Finding a bag – *the* bag – is a really tricky thing. The One has to be the right size, well made, look great with your wardrobe (that’s everything in your wardrobe) and, crucially, not cost a fortune. While mega brands like Prada, Gucci and Louis Vuitton have upped the prices of their “It” bags to increase their exclusivity (in other words, pricing lots of people out), fortunately there is now a whole host of niche bag brands that are making fantastic-quality leather bags for an affordable budget. Filling the mid-range price-bracket gap, they’ve got all the appeal of something designer.
Of course, if you’re buying a real leather bag (in my opinion, leather lasts longer), expect to pay a little more money for it. Anything less than £50 and you should really be asking questions about how it was made and by whom, and how long it’s going to last. My advice is to buy less, spend more and aim for something between £100 to £250. Often referred to by retailers as the “sweet spot”, this is the space that hits between fast fashion built to break and crazy designer prices. As Anna Kreeger, designer of “sweet spot” bag brand M Hulot explains, “More and more people are looking for that special investment handbag and are prepared to pay a bit more. Under £250 bridges the gap between high street and the big fashion houses without completely breaking the bank.”
I've come to the conclusion that it’s best to spend your money wisely on a moderately sized bag that will work for you on a lot of levels
If you are going to spend some money on a bag, then you’ll want to take care of it. Leather bags aren’t difficult to look after (in fact, I think they look even better with a little wear and tear once the leather has become soft), but they’re easy to revive with the same cream lotion (avoid the coloured ones – you just want plain) that you would use on a pair of shoes.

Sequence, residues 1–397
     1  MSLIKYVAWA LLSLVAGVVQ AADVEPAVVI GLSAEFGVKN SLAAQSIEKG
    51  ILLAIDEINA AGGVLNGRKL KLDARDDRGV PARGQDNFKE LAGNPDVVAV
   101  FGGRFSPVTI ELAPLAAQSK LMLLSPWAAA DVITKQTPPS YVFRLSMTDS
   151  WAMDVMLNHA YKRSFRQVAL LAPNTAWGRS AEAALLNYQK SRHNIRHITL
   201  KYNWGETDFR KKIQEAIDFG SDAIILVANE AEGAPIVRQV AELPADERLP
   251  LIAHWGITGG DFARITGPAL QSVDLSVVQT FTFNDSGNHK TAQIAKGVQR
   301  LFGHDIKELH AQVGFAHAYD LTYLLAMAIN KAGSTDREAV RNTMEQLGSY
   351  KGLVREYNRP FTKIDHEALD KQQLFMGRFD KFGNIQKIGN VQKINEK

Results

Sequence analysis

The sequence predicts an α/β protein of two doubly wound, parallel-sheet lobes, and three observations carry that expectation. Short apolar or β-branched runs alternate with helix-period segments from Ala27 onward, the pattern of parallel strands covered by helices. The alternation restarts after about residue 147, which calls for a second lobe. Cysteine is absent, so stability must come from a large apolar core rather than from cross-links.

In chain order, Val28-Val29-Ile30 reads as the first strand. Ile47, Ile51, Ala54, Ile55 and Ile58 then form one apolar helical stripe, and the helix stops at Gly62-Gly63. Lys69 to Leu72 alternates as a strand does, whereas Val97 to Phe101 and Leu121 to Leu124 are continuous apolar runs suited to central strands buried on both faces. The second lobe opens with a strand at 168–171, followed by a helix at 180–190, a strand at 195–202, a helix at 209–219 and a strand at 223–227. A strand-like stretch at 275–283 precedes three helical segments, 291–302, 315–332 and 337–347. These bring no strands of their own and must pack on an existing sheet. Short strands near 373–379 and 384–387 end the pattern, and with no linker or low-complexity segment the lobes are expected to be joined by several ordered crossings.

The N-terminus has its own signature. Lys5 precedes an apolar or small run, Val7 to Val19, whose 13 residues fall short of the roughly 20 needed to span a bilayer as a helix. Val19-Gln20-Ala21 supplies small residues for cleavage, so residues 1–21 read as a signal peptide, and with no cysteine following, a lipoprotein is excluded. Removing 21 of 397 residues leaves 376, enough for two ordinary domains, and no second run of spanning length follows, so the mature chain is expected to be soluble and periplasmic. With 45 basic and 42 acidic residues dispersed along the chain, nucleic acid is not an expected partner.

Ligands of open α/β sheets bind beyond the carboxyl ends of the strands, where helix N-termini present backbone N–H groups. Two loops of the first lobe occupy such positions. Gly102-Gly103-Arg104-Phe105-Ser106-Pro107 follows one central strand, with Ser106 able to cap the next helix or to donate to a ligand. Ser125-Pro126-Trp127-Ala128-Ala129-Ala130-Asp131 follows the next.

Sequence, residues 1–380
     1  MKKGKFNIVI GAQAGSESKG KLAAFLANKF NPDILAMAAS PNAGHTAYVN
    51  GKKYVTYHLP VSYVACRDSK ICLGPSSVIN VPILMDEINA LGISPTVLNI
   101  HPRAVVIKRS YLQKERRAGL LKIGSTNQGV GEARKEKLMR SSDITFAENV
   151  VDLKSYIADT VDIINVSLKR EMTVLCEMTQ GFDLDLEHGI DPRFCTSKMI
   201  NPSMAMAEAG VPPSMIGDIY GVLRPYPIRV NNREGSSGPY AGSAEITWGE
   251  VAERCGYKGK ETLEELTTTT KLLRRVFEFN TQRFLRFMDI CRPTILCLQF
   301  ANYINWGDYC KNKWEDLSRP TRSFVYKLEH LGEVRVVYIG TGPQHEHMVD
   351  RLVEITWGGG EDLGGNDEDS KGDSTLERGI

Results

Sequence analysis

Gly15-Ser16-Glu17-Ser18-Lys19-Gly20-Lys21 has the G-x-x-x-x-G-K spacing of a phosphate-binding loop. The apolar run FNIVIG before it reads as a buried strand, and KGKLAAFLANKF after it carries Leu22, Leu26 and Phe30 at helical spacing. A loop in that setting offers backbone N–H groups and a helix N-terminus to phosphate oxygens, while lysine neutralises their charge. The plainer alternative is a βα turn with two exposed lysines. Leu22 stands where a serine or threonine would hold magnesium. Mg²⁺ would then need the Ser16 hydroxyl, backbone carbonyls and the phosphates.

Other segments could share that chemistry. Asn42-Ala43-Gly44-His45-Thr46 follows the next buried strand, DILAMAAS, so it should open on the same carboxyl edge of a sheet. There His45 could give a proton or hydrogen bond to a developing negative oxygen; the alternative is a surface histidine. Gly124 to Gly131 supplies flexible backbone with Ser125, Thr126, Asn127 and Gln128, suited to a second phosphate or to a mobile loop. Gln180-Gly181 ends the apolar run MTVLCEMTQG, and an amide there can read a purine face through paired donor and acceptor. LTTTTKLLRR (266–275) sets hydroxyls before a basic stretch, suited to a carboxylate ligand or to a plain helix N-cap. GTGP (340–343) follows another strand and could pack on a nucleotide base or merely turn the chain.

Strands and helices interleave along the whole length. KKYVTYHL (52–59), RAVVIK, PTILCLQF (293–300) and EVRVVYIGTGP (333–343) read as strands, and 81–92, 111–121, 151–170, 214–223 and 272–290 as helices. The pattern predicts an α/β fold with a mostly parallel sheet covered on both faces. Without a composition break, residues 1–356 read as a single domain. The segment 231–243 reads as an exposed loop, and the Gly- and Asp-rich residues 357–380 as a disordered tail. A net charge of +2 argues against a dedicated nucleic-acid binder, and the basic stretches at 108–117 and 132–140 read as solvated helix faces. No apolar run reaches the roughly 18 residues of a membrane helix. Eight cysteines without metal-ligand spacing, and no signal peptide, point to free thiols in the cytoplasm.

Anyway, I’ve been giving it a lot of thought lately and have come to the conclusion that it’s best to spend your money wisely on a moderately sized bag that will work for you on a lot of levels. The cross-body is a wonder – big enough to fit in all the stuff you actually need during the day (keys, wallet, phone, small umbrella, dog-poo bags. Oh, just me?), but also small enough to double up as the perfect partner for your evening outfits. I love that a cross-body forces me to edit down to just my essentials but, on days when I have more stuff than usual to lug around, I use one of my myriad canvas totes for the extra bits and bobs. And, to be honest, I’m thrilled that I’ve finally found a use for them.
The other joy of a cross-body is that it allows you to have a bit more fun with colour and print. Rather than play it safe with black or brown, it’s the ideal size to carry a pop of yellow or add a Breton stripe to your outfit without overwhelming the rest of your look (yes, I have found you a Breton stripe bag. You’re welcome). Because I’m into a statement bag, I tend to avoid the better-known brands, as I’d rather not see millions of other people with the same thing as me, but I do recommend COS and & Other Stories if you’re looking to keep it under £100 and don’t live in a city where loads of other people are likely to have bought an identical one. Otherwise, I love all of the below for quality, reassuring ethics and, most importantly, gorgeous bags – all under £250.